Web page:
Death of Criticism – Good or Bad? An Opinion

DEATH of criticism good bad

Let the truth be told, without any attempt to euphemize the words or make the phrases lesser sharp. Literary Criticism is no more! At least, in reality, it is no more! For the academicians and for those students who have to score good marks and for those enthusiasts who still want to delude themselves with the Aristotelian unity, let there be literary criticism in romantic theories; in the real world, however, sadly, literary criticism has died or is ready to die. Who cares for it now? Outside the ‘fancy’ classrooms of literature, do you hear people talking about the validity of literature or its aesthetic qualities? I bet NOT!

When I was an English Literature student, I enjoyed reading the essays by T. S. Eliot and thought that there must be the depths of literary criticism which are deeper than my imaginations. However, the more I tried to fathom, the more shallow it appeared – after the ‘modern ones’ I was taught, brakes were pulled and the bicycle stopped never to be paddled again.

Once I was left to explore my for myself, I tried; I reached different places and found useful and encouraging literature as well. However, the more I found the more I worried. The morning star annunciated the end of the night in which I was having my share of romance with theory and I concluded that literary criticism has reached the shore – it would swim no more and we won’t see any more artistry of the ones who judged the artistry of the artists.

Getting down the chariot of fancy, you will find that the readers (the readers of literature) are no more interested in enjoying the things other than what they like reading. And once they like something, they become intolerant, to an extent, to the views of other people about that certain text. Where will the criticism take place? It has become a binary practice among the readers – there are the ones who like 50 Shades of Grey and there are the ones who don’t like it. So, how can someone tell anything ‘critical’ about it? How can someone praise the novel in front of the ‘critical’ readers who love bashing it?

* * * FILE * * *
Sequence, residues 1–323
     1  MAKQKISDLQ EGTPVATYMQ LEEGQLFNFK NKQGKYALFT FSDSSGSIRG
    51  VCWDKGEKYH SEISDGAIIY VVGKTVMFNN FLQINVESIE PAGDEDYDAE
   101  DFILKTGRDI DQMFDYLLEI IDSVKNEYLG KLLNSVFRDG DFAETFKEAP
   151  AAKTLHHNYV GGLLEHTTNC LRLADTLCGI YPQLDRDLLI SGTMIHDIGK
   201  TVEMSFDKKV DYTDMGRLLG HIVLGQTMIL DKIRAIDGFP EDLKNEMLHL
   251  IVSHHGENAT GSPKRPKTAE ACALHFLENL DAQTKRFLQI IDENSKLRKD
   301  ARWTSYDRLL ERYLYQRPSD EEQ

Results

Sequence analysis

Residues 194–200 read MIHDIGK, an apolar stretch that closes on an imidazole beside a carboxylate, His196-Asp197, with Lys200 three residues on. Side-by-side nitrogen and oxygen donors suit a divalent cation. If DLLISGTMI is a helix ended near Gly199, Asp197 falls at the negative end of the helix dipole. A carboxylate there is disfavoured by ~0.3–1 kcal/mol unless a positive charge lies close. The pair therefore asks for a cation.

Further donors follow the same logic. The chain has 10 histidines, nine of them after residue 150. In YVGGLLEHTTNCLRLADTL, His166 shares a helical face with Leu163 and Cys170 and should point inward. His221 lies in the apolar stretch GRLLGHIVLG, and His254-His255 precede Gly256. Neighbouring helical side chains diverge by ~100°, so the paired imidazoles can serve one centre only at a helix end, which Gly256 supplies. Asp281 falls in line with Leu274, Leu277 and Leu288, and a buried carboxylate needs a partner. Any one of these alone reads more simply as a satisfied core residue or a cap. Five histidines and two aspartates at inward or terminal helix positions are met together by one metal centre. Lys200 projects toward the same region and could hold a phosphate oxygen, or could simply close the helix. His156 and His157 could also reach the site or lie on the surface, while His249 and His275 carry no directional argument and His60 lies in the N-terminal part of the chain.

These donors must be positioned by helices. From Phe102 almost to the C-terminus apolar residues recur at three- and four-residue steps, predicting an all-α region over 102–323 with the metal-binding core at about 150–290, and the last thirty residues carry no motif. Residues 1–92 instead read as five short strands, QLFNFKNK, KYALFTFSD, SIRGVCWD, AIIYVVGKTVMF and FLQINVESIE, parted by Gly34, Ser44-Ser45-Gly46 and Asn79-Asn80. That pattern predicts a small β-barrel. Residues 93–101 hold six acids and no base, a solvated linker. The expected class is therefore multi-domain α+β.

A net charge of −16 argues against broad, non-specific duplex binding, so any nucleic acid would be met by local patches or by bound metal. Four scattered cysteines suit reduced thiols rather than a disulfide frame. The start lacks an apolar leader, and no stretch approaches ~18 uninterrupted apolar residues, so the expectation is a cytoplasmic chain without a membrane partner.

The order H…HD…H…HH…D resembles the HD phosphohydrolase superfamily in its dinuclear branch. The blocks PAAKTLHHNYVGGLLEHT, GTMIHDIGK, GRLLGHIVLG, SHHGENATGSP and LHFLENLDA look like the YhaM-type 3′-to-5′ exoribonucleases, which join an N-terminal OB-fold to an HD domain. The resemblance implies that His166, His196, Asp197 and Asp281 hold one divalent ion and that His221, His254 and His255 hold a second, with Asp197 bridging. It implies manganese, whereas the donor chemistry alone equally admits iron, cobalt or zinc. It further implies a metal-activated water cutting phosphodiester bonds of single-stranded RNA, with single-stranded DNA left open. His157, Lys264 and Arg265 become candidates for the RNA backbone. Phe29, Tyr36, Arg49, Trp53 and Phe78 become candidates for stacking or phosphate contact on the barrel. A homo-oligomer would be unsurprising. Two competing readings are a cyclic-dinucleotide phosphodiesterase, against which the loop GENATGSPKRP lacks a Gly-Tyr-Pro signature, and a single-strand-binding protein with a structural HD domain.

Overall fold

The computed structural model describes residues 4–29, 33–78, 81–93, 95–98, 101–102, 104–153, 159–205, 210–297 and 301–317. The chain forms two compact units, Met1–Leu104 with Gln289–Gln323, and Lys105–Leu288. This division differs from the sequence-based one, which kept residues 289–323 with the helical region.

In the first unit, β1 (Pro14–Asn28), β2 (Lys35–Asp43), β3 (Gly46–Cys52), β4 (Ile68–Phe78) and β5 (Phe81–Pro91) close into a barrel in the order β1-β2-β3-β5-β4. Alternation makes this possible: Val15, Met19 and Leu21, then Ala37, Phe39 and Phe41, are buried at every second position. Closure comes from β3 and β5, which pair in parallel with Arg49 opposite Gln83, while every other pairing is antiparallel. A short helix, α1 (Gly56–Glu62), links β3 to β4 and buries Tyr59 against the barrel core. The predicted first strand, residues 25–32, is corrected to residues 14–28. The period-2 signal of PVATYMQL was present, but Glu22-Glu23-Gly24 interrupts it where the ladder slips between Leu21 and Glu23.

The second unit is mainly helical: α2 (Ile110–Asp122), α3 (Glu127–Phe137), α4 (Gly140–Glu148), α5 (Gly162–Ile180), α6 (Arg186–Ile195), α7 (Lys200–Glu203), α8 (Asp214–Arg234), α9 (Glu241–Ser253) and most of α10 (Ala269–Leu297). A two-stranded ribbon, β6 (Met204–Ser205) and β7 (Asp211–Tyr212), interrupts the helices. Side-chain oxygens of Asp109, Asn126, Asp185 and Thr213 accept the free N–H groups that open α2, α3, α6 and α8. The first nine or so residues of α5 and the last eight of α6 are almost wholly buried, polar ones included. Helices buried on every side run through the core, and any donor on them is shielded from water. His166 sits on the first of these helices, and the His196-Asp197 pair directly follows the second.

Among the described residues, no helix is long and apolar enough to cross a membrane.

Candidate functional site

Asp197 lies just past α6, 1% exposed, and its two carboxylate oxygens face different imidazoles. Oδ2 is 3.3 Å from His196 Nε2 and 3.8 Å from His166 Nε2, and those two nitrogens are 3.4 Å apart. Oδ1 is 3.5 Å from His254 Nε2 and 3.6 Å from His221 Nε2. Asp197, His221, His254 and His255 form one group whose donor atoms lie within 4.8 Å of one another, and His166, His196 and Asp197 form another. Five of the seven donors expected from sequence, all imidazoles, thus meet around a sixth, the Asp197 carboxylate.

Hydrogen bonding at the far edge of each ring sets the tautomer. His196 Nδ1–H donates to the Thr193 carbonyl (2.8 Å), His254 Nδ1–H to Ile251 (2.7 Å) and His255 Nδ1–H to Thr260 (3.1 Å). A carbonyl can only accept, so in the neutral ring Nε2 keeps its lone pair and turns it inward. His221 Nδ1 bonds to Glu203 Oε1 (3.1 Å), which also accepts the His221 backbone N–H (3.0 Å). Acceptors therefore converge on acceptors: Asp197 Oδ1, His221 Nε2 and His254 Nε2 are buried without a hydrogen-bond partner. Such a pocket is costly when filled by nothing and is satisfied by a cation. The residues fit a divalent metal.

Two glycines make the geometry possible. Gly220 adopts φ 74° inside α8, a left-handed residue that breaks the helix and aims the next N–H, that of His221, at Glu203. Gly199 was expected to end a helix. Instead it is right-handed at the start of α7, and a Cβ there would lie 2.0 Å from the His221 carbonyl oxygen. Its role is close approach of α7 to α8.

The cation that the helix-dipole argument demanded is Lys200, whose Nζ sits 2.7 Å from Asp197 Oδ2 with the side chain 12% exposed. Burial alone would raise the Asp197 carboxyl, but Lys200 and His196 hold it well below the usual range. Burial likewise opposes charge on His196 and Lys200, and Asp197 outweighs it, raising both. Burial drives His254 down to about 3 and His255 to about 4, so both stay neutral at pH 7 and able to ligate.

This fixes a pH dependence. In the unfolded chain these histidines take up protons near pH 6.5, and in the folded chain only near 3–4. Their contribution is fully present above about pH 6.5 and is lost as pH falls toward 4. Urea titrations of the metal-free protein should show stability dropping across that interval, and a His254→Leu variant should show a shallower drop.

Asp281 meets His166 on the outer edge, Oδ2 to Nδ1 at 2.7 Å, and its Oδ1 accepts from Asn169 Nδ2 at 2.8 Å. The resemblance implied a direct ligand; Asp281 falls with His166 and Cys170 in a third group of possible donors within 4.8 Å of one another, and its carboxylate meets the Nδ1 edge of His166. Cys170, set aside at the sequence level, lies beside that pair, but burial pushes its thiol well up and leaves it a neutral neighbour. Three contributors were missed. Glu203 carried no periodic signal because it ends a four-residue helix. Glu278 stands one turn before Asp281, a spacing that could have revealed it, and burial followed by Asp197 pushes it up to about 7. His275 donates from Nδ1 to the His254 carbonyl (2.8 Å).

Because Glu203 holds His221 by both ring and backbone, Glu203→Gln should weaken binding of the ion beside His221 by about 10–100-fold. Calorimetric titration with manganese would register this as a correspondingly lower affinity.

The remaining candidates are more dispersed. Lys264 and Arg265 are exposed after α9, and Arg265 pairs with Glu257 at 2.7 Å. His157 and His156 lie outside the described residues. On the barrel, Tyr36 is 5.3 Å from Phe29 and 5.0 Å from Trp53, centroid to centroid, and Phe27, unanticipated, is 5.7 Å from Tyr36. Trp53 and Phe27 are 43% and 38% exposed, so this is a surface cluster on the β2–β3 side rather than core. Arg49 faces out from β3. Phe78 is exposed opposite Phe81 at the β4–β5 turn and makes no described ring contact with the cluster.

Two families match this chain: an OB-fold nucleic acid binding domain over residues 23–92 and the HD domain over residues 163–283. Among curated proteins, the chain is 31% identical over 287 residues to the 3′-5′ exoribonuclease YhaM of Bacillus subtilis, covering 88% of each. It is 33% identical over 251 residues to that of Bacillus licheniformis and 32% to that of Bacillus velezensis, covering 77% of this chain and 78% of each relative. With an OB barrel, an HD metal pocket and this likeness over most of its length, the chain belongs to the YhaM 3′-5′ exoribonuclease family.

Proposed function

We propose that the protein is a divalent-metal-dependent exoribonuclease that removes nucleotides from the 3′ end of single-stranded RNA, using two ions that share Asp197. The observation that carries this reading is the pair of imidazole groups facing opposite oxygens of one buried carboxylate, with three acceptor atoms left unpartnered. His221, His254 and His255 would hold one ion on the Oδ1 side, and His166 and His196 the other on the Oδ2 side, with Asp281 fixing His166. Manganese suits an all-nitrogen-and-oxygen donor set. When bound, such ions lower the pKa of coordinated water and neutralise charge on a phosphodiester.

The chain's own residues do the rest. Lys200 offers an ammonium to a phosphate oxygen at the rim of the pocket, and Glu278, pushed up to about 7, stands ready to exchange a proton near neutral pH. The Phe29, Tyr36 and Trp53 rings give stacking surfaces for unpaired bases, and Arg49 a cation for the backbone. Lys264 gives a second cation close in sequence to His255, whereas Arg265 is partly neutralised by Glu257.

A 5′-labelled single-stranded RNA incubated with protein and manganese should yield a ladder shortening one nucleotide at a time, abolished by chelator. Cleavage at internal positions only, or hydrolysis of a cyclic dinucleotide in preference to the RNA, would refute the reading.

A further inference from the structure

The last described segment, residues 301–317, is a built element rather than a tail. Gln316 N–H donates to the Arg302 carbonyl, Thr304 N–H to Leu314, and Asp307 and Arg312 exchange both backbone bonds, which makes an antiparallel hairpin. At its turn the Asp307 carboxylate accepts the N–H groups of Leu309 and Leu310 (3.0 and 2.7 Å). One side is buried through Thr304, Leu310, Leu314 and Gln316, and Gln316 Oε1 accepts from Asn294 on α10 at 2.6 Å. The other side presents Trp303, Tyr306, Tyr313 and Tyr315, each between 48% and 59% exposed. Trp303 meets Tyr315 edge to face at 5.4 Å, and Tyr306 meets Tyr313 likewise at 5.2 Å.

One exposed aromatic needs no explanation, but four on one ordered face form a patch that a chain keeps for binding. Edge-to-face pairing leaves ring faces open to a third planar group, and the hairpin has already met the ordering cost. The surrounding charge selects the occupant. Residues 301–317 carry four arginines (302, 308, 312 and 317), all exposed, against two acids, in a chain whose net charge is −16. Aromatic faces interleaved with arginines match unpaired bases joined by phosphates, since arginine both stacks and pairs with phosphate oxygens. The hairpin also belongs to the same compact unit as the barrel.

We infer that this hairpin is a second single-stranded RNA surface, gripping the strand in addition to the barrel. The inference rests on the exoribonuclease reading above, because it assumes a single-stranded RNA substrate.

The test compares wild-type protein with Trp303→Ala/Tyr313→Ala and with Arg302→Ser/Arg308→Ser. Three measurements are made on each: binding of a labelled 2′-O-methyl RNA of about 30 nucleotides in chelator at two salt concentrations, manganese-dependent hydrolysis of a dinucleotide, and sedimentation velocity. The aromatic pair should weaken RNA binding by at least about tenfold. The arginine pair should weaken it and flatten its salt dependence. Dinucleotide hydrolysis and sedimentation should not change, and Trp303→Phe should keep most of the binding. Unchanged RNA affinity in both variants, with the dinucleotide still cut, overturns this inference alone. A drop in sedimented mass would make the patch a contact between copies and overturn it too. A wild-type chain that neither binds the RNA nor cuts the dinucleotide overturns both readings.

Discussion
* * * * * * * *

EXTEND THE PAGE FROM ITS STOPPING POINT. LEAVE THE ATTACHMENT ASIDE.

If you are wondering, I have deliberately excluded the academic functionaries out of the above scenario. The reason being an exceptional immunity to the new discoveries which can be seen even without the glasses! Derrida takes so much of their time that they don’t have any interest left in moving ahead of him; and honestly, is there something after the absurdity of deconstruction?

On the brighter side of this episode, the death of literary theory and criticism, I find it truly encouraging that the readers (even the academic ones, if left with liberty) rather apply their own judgments instead of being imposed upon by someone else’s opinions considered to be the gospel truth on certain subjects. For Metaphysical, you had to read Eliot or Jonson. For Romantics, once again you turn to Keats. For poets before Jonson, you had to visit Lives of the Poets by him. And so on… and, if you offer a spoon every time, a person will never learn or even think using the hands!

So, there is the brighter side as well. However, if there will be no practitioners of an art, that is a bad situation to imagine. There must be the torch-bearers in every century whom we look up to and sadly, there are none or very few of them right now. The death of criticism might offer a liberty or the freedom of exploration, it is certainly needed to offer the readers a taste of what they are reading. We can only hope that scholars will take the call and accept the responsibility in a responsible manner.


by Alok Mishra for LN